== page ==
This kind of love can be fleeting, Cravens said, but because the love between Romeo and Juliet is forbidden and their families are locked in a blood feud, it takes on a new importance in their lives.

“You have this sense that if all the adults in the world hadn’t failed them, if they hadn’t been in this situation where what they were doing hadn’t been forbidden, in a couple months, Romeo and Juliet would have broken up,” he said. “It’s that thing that you feel, that everything is so important, everything is now, everything is this, and this is your one chance.”

Romeo’s love for Juliet has become short-hand in our culture for a poetic love and devotion that few experience. The fact that Romeo begins the play convinced he’s in love with Rosaline shows that Romeo doesn’t really know what love is, Cravens said.

“He’s basically a ‘player’ at the beginning,” he said. “He’s wanted a lot of women, but I don’t think he’s ever been in love.”

Shakespeare is known for his poetic and metaphoric use of language, but Cravens said Shakespeare uses language in “Romeo and Juliet” to show just how much Juliet’s love changes Romeo, and vice versa.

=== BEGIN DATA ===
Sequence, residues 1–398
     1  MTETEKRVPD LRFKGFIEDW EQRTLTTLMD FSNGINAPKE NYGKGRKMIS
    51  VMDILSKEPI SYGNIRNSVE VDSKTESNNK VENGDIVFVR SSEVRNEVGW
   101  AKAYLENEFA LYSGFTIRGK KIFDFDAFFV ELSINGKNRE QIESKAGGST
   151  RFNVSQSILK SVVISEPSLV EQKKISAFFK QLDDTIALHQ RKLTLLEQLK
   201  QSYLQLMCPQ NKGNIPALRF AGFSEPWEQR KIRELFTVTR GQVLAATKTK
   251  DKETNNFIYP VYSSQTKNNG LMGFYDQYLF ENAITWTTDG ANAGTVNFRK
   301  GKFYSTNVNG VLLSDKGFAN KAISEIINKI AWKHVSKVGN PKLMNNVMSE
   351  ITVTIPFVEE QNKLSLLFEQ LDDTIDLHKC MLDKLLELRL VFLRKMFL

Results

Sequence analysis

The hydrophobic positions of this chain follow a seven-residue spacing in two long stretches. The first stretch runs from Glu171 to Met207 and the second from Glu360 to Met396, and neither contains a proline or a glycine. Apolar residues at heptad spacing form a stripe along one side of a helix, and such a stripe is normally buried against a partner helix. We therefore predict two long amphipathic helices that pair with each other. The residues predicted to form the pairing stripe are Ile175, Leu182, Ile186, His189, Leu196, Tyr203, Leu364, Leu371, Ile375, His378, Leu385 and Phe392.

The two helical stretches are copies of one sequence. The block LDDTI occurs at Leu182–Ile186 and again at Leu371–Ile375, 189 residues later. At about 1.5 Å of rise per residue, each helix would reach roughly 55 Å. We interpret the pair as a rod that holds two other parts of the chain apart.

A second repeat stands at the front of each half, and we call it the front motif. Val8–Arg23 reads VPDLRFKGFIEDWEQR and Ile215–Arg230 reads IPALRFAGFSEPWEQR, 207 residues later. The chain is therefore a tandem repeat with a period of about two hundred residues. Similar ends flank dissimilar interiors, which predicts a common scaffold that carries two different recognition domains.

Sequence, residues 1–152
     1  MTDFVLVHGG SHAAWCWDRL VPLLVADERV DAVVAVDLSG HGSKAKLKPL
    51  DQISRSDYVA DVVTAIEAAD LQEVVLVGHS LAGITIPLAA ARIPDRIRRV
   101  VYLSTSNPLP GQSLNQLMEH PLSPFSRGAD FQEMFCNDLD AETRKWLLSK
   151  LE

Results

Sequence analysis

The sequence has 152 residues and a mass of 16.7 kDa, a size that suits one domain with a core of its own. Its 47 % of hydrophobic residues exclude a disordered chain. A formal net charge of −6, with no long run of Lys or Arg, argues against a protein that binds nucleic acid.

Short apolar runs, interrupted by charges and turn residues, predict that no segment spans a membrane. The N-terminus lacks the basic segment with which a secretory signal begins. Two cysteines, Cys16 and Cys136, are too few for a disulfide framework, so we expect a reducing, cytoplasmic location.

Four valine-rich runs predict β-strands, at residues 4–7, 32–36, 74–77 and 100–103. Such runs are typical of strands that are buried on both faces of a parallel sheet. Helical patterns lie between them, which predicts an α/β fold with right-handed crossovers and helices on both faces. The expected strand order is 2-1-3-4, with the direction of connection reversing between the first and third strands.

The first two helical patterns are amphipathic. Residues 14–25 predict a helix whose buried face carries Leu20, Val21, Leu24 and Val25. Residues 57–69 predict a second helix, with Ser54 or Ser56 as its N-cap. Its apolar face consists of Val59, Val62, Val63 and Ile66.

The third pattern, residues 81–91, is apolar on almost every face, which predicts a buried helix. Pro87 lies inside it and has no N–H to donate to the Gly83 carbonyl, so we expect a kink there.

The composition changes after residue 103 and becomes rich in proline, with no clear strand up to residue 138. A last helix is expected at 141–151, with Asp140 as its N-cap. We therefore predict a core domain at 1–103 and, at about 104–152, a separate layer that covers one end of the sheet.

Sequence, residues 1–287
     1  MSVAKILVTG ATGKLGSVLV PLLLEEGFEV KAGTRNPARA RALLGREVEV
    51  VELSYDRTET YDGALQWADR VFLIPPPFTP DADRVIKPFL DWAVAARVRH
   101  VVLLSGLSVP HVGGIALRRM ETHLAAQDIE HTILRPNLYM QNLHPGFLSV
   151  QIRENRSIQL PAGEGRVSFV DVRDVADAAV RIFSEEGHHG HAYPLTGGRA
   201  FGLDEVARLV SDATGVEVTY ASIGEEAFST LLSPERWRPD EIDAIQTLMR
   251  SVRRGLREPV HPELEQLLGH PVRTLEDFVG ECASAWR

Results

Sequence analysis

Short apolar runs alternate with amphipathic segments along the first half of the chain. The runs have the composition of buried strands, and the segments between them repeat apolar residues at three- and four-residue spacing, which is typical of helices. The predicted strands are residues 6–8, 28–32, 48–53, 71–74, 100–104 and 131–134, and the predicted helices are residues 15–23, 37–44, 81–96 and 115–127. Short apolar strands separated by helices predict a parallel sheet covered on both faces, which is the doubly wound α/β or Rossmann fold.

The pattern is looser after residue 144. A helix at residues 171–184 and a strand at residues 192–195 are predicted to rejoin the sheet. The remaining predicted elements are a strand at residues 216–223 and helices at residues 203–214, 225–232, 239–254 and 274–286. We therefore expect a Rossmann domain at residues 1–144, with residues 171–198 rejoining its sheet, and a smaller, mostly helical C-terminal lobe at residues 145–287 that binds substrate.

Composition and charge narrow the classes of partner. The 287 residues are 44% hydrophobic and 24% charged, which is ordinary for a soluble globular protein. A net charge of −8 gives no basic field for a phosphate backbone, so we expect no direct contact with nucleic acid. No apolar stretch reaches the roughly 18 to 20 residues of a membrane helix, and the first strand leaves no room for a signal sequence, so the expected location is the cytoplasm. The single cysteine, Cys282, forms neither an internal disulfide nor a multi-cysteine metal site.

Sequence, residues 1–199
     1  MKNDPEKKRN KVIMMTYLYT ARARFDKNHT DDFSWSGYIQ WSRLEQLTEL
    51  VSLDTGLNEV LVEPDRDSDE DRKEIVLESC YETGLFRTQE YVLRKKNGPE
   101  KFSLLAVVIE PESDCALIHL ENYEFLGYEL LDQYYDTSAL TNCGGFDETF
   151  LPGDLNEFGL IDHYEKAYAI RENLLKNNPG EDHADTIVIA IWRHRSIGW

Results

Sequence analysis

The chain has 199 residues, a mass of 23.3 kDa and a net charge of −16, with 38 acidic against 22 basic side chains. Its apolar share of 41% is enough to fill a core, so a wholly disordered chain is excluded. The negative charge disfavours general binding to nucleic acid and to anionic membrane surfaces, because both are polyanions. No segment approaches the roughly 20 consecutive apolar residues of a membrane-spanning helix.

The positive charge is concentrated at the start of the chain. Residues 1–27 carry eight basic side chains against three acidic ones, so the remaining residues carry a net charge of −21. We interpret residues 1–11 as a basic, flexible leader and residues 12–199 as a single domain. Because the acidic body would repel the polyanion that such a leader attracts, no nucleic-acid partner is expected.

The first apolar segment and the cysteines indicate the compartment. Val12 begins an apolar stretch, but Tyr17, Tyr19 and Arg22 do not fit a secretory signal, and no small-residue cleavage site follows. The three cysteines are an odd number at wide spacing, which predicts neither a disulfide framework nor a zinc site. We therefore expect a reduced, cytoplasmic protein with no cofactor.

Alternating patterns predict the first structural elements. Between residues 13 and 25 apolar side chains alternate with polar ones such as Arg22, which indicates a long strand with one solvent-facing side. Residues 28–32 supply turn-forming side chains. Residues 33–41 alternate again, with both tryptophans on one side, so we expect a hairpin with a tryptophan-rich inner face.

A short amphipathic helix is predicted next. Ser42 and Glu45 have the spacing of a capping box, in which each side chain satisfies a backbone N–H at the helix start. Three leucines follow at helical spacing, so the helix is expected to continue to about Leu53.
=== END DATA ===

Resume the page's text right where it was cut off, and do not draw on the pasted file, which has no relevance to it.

“His language at the beginning of the play is really overwrought,” he said. “A lot of it is really crap poetry, but it’s what (Romeo) thinks is poetic. Juliet’s language is so straightforward, just honest and direct and so stripped of metaphor. Then, as the play progresses, they meet in the middle — his language becomes stripped down, and her language becomes much richer and filled with images.

“In the balcony scene, for instance, he’s the one who says, ‘Let me stay the night,’ and she’s like, ‘No, no, you’ll get killed.’ By the time you get to the morning after their wedding night, when he has to leave, their positions have been totally reversed from where they were on the balcony scene. He’s saying, ‘I’ve really got to go or they’ll kill me,’ and she’s saying, ‘No, no, you can stay. They’re not going to come in.’ Finally, with Juliet, he reaches that straightforward, honest place.”

Romeo’s best friend and fierce protector is Mercutio. Many adaptions of “Romeo and Juliet” have played with Mercutio’s apparent love for Romeo, including Baz Luhrmann’s 1996 adaption with Leonardo DiCaprio and Claire Danes. In this adaption, Mercutio is played by a woman, and Sydney Haygood, Friendswood sophomore, said this time the subtext is text.